Coffee and wine are similar. Also similar are the ways we analyze flavor, carefully execute the growing process, and communicate those details. There are many aspects of the growing processes of coffee and grapes that bring similar flavor contributions to the cup. Coffee is being cared for and crafted much like wine has been for centuries. We aren't going to talk about wine today, but we can feel fancy when we talk about coffee. 

Last week, we discussed how altitude plays a part in the structure of coffee beans (density/hardness). This week, we will look at how it shapes flavor. Altitude is represented in one of two measurements: meters above sea level (MASL) and feet above sea level (FASL).

We stick with MASL on our retail packaging. Our current coffees range from 1,100 to 1,800 MASL.

High altitude means "on a frikin' mountain, people" (my best doctor Dr. Evil voice). When it rains on a mountain, gravity pulls the water from the summit. The soil absorbs what it can and the excess runs down, down, downstream, waterfall, down- river, down to the ocean. Coffee plants growing high on mountains have more restricted water access, which also contributes to the extended growth period. This is why there is almost always a range on a coffee rather than a single altitude given for a crop. 

With greater altitude comes greater variation between daily and nightly temperatures. A mountain's summit will likely be the same temperature throughout the day, but the night is significantly colder compared to the foothills of the same mountain. These swings in temperature lengthen the maturation period of the fruit and allow MORE sugar development within the bean. Not only are sugars more numerous, but they are also more complex in the way they crystalize. This is a major factor in the greater density of bean structure because the bean itself is expanding in the heat and contracting in the cold.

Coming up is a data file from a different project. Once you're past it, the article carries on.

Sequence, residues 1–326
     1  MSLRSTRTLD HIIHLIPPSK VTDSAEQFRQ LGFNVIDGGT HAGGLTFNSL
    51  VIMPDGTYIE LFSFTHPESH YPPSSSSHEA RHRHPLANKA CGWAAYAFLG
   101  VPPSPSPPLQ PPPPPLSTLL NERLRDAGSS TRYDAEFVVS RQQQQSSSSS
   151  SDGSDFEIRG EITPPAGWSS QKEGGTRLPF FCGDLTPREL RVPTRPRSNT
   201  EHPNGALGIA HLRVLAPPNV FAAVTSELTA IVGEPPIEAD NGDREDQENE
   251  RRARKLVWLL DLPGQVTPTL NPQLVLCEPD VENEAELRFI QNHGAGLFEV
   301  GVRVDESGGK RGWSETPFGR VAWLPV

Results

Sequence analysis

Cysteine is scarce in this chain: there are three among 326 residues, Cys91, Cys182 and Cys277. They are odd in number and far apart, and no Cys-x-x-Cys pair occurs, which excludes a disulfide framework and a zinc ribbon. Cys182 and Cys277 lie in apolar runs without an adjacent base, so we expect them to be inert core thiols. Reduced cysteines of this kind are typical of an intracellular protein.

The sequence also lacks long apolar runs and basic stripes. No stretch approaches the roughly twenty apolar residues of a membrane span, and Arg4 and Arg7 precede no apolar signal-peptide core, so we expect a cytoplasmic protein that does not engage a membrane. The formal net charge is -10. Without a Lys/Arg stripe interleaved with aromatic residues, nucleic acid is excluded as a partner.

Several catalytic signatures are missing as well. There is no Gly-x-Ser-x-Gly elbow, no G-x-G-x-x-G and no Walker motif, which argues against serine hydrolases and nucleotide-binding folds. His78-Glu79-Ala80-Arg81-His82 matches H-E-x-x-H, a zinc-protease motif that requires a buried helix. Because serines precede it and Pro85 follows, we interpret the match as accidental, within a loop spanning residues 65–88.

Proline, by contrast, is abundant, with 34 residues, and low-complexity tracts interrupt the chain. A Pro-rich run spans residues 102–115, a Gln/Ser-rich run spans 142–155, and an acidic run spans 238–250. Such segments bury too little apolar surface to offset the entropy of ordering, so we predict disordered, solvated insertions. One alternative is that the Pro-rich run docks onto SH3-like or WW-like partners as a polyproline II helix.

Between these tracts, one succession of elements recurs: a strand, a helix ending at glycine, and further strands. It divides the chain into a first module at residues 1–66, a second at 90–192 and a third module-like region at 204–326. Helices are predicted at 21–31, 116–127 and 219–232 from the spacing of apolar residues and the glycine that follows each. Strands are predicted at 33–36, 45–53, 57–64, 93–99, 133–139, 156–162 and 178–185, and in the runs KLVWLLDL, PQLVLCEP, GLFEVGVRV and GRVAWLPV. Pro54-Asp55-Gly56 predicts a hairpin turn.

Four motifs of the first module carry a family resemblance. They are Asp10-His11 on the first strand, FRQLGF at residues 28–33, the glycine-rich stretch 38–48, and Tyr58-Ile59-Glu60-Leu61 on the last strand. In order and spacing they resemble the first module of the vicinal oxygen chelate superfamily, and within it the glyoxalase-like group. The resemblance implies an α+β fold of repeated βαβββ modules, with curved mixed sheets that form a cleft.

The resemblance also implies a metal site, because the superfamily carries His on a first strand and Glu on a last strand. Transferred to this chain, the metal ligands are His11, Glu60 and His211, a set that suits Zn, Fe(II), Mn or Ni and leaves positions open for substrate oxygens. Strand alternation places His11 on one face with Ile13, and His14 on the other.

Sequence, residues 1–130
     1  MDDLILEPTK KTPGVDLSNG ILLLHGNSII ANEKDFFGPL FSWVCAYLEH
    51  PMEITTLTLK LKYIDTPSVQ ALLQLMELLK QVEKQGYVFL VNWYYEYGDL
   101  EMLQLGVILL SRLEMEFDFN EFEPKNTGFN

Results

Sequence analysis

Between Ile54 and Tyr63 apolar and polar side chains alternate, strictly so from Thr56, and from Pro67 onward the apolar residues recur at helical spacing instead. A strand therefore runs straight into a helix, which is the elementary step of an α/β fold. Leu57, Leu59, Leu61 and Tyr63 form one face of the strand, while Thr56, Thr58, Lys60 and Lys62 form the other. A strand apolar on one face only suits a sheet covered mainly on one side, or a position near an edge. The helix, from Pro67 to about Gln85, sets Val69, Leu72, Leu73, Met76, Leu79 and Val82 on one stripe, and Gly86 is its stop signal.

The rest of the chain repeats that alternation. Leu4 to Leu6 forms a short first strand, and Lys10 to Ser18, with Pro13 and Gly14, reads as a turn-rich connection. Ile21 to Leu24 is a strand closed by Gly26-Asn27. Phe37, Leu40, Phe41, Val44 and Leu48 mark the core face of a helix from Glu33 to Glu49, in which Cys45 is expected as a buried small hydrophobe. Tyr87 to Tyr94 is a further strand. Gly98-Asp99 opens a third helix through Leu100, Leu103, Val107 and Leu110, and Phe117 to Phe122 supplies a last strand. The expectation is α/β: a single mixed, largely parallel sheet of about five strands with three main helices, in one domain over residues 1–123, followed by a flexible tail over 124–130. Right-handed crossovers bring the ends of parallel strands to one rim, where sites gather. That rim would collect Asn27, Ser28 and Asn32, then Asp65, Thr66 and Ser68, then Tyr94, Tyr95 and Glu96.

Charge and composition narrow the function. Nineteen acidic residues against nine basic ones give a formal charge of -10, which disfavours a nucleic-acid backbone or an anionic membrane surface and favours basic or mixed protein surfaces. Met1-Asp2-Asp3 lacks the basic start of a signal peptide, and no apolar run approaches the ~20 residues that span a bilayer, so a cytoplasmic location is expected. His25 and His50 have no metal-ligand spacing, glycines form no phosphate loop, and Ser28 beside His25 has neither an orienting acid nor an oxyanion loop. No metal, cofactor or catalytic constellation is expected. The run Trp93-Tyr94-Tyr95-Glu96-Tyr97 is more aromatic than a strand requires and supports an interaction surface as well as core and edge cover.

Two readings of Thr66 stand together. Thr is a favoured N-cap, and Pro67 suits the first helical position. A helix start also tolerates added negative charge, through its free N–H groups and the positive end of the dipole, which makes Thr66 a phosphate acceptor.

Temperature swings and water absence increase with elevation, making conditions harder for survival. Weaker plants die in these conditions, while healthier, stronger plants survive to produce fruit. Even if weak plants could produce fruit, it would be of lower quality. Furthermore, the fruits of weak plants would be picked and blended with the fruits of strong plants, lowering the overall quality of the harvest. Plainly put, healthier plants produce tastier coffee.

Temperature swings, water absence, and overall harder conditions lead to more complexity, sweetness, and acidity in the cup. The guys at Seattle Coffee Gear lay it out this way:

Below 900 MASL - Mild, Simple, Boring
Around 1,000 MASL - Sweet, Balanced
Around 1,200 MASL - Chocolate, Vanilla, Nut, Citrus
Around 1,500 MASL - Fruity, Floral, Spicy

I imagine atmospheric pressure plays a role in this, but I have no evidence of such. Someone smarter than me may have something to contribute to that. 

Factors like processing and roasting have a more pronounced effect on flavor, yet the coffee's growth is paramount because it plants the potential for flavor in the bean. By the time we get to roasting and brewing, we are only trying to highlight or draw out our favorite accents of what is contained in the bean and trying not to screw it up!

Keep exploring, 
Daniel McCullers
Lead Roaster
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